What are your new daily reads like compared to those of yours in a previous thread where you detailed your electricity usage over a period of time?

    The advice given above by @JoeSoap seems to be a good way for you to proceed so long as you can demonstrate that your daily usage rate since the new meter has been installed is considerably less than what it was in summer when you first reported it in the above thread. 👍
    Last edited by Mailman; 14-11-23 at 22:46.
  • Mailman's Avatar
    Level 54
    If a test meter was fitted alongside your faulty meter then they should know by how much it was over-recording your consumption. This could be used to work out how much you were overcharged during the period since you reported the fault and the meter being changed.

    I don't think we know if this is what has happened so perhaps @rogi1 can advise.
  • rogi1's Avatar
    Level 6
    @rogi1

    When the engineer checked the old meter he didn't say that a test meter to compare with the possible faulty one was an option, just said that i should ask to get a new one fitted. The new one seems to be o.k, i've used about 25 kwh in a week where i was using an average of about 20 kwh per day from daily readings over a month. The final figure on the old meter was taken when the new one was installed so eon should have this.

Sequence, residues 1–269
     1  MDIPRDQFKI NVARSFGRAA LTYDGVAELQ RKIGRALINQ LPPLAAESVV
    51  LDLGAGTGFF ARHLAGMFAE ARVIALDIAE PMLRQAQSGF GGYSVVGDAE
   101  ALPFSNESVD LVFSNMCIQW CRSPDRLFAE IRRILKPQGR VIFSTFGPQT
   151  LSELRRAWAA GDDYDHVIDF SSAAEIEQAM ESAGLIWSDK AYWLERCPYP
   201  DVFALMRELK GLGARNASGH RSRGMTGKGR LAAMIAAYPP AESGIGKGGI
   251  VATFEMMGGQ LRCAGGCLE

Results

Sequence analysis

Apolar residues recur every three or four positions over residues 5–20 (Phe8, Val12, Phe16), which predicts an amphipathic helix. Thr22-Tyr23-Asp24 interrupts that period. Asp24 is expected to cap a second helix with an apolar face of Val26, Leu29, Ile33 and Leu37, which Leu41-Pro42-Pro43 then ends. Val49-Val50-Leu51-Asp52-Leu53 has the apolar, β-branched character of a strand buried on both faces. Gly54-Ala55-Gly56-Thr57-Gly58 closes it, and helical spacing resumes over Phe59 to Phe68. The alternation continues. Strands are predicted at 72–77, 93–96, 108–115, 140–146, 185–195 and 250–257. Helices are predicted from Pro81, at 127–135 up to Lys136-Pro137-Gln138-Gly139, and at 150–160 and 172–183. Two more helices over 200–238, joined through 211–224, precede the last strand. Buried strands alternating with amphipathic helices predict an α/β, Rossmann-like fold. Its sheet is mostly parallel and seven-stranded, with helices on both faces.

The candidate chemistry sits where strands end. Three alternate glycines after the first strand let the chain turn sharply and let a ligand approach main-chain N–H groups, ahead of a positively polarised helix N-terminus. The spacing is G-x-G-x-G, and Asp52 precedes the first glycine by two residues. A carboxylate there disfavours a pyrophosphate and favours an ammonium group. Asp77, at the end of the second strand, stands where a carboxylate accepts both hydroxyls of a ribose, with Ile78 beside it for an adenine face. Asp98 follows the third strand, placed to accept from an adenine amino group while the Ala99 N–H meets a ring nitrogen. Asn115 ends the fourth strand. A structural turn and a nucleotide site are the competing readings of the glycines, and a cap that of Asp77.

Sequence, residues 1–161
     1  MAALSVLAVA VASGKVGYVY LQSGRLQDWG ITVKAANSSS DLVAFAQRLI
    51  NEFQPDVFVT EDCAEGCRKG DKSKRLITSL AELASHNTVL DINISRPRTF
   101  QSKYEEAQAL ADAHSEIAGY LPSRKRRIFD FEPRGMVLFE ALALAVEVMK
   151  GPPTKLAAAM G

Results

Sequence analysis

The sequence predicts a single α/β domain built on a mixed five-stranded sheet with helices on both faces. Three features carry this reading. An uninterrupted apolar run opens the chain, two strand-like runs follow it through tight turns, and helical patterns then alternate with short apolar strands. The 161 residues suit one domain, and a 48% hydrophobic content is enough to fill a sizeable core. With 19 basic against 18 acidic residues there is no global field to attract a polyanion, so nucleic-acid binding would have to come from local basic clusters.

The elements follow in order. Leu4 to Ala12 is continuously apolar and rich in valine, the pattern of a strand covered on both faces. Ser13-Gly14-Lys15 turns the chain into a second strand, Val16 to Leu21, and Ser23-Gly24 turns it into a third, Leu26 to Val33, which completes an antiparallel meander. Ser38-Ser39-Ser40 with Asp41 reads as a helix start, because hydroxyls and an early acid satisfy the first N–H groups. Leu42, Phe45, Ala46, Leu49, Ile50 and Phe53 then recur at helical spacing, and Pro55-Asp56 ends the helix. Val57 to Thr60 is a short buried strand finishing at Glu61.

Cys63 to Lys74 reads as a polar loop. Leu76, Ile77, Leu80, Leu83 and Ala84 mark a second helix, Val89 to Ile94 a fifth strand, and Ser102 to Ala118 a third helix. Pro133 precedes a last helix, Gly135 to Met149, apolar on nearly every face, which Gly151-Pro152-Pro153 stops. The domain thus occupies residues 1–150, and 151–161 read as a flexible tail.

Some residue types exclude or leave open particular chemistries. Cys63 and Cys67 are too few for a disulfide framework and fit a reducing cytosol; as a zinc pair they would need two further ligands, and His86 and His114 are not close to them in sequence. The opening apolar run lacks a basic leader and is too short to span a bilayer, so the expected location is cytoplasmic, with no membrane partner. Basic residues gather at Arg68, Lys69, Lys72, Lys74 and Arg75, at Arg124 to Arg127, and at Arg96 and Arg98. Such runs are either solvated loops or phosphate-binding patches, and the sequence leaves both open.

When i was on the phone to explain the situation they said that they would get back to me but so far no one has. I checked my usage back over the last 12 months before finding the fault so i would have thought it would not be too difficult to work back and just give an estimated bill based on those until i submit some readings from the new meter.
  • meldrewreborn's Avatar
    Level 90
    @rogi1

    i seem to recall that suspect meters should be tested somewhere to see if they were under/ over recording . Perhaps @retrotecchie or @theunknowntech knows for sure.
    Current Eon Next and EDF customer, ex Zog and Symbio. Don't think dual fuel saves money and don't like smart meters. Chronologically Gifted. If I offend let me know by private message, but I’ll continue to express my opinions nonetheless.
  • meldrewreborn's Avatar
    Level 90
    Name:  IMG_0950.jpg
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Size:  65.3 KB@retrotecchie

    by keeping this process quiet, the supplier denies the customer the opportunity for testing to be carried out and their suspicions confirmed.
    Last edited by meldrewreborn; 17-11-23 at 07:22.
  • retrotecchie's Avatar
    Level 91
    @meldrewreborn

    According to statistics from the Office for Product and Safety Standards, a government body, only around 7% of electricity meters tested are found to be over-reading. The figures for gas meters out of accuracy are significantly higher at almost 42%.
  • meldrewreborn's Avatar
    Level 90
    @retrotecchie

    7 % over-reading is a hell of a lot. Do the 42% all over-read, and is there a difference between bellows type and electronic flow meters?